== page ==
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KANSAS CITY, Mo. — She prosecuted a wrongfully convicted man for murder. Now, more than 25 years later, Amy McGowan faces her own legal fate.

In Jackson County, McGowan prosecuted Ricky Kidd, who spent decades in prison for a crime he didn’t commit.

In fact, she was prosecutor on several cases that have since been overturned in both Missouri and Kansas. McGowan retired from the Douglas County District Attorney’s Office in 2019 after Kidd was released.

But Wednesday was a day Kidd has waited for. The Missouri Supreme Court held a hearing in the case against the former Jackson County prosecutor.

Missouri’s high court will determine whether McGowan violated the rules of professional conduct and if her law license should be suspended indefinitely.

The state wasting no time lobbing their allegations.

“Respondent Amy McGowan failed to meet these obligations when prosecuting Ricky Kidd and Marcus Marol back in 96/97” a state attorney said at Wednesday’s hearing.

The state claims McGowan withheld key evidence, including depositions of other potential suspect, that could have exonerated Kidd when he was charged. Kidd was released from prison after serving more than 23 years behind bars.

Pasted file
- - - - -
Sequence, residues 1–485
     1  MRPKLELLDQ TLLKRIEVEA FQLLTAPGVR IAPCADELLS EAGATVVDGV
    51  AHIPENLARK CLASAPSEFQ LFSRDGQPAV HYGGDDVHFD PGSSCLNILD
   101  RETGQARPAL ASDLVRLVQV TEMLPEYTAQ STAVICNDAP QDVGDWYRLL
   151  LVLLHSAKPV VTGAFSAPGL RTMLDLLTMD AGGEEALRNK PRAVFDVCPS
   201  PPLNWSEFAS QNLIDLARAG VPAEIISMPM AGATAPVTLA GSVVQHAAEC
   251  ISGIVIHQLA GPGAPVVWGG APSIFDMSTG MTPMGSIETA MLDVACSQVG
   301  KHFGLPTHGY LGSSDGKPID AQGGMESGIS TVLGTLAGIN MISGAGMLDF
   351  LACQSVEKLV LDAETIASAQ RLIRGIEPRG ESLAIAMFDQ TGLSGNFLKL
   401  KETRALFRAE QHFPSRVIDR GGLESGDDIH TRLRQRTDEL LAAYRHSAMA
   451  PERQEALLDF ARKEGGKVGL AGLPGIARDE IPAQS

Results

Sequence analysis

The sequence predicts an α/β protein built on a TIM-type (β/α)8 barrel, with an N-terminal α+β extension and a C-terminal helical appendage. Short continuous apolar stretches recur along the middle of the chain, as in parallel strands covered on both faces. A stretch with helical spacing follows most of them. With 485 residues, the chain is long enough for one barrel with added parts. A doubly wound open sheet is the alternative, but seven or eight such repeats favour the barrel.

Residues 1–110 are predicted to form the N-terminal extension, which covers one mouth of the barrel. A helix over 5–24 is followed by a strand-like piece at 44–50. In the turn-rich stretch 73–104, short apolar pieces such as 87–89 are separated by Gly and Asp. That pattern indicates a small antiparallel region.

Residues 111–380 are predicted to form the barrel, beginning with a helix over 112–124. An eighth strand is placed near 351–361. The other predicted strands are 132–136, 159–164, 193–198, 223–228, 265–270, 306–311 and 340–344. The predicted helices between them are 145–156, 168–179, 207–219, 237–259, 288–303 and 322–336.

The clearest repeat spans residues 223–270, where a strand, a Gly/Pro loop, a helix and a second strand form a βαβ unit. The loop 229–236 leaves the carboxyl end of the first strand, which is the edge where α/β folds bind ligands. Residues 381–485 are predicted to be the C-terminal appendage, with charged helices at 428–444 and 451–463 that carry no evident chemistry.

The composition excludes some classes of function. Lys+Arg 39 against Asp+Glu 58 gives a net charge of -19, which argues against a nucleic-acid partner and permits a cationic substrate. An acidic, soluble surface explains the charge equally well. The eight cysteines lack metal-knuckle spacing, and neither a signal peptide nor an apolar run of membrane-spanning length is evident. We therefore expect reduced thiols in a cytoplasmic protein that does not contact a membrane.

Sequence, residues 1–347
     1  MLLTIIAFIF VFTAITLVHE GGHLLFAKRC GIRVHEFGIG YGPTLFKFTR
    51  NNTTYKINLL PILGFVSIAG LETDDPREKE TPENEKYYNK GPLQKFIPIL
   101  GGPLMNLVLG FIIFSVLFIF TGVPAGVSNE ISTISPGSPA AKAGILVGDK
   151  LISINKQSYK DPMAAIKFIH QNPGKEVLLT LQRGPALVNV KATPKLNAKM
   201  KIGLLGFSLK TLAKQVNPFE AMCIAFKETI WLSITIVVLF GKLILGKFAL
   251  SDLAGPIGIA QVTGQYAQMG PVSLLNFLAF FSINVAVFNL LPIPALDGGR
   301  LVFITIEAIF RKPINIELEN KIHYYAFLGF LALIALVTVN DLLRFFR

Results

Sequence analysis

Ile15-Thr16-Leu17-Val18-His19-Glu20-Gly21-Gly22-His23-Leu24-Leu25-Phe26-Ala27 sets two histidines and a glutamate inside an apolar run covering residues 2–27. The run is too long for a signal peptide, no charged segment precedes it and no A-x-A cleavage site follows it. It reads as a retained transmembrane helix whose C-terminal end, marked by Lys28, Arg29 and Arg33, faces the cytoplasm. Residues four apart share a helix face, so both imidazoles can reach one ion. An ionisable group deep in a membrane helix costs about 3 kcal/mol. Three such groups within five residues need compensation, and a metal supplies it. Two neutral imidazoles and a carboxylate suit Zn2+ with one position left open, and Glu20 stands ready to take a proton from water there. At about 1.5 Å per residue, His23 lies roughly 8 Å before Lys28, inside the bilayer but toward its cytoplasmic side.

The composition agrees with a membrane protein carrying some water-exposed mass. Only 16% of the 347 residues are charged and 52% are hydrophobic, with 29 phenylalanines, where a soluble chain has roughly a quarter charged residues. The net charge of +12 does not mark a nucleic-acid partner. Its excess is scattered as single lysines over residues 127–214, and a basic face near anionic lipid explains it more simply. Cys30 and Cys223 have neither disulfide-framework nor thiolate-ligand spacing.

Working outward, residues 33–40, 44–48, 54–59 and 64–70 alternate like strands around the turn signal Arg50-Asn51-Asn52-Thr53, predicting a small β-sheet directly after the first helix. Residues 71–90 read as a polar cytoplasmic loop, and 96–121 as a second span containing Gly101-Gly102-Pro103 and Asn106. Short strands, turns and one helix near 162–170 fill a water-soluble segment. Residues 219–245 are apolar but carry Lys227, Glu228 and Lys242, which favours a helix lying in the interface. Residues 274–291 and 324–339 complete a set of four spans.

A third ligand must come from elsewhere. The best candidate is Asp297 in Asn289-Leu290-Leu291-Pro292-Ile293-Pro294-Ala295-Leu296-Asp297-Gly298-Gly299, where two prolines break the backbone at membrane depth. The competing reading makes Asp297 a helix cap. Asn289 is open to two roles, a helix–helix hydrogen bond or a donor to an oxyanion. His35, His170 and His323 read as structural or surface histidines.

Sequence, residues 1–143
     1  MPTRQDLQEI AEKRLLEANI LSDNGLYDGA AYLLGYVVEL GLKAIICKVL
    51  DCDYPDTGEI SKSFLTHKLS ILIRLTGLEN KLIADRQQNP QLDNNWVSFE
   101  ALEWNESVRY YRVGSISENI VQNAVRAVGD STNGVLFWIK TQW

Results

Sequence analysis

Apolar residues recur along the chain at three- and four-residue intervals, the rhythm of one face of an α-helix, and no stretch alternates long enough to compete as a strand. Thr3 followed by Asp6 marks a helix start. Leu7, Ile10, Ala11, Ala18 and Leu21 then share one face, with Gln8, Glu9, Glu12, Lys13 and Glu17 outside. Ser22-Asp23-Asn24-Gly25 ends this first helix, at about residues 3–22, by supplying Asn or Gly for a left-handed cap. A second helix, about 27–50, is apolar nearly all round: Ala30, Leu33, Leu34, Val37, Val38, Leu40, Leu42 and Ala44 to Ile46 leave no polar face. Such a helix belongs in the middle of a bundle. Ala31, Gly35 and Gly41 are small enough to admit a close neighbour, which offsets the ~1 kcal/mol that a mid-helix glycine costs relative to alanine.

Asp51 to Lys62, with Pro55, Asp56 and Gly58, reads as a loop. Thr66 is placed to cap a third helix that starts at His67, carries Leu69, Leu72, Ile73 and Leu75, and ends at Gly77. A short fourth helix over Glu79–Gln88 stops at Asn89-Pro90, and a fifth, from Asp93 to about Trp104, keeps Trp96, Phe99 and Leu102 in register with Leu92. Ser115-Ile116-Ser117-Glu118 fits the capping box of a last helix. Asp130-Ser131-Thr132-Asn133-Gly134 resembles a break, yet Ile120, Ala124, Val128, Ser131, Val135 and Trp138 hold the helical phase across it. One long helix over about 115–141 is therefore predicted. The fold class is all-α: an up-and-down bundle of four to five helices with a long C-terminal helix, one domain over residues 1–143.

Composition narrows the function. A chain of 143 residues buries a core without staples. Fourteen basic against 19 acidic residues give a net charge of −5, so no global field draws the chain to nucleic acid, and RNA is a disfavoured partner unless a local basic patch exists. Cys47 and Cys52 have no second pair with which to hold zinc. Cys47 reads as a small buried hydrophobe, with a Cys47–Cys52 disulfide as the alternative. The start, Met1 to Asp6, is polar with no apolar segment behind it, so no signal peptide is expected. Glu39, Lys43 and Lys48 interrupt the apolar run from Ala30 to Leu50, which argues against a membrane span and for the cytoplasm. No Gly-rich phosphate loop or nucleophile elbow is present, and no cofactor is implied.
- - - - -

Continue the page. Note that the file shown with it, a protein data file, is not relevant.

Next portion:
The state faced significant pushback from the justices.

They challenged the credibility of Kidd’s former defense attorney Teresa Anderson, who admitted that she lied in a previous hearing and even allowed her client to commit perjury on the stand.

McGowan’s team, simply put, believes the case is history.

“Depositions were taking four and a half years before Sept. 11. Four and a half years, that’s how long ago these events are,” one defense attorney said.  

For Kidd, the court’s review is welcome news.

“It was a long time coming. I think we need to see more of these types of displays of seriousness,” Kidd said in an interview with FOX4.

Now the justices will review the briefs from both sides and make a decision on any possible disciplinary actions in the coming months.

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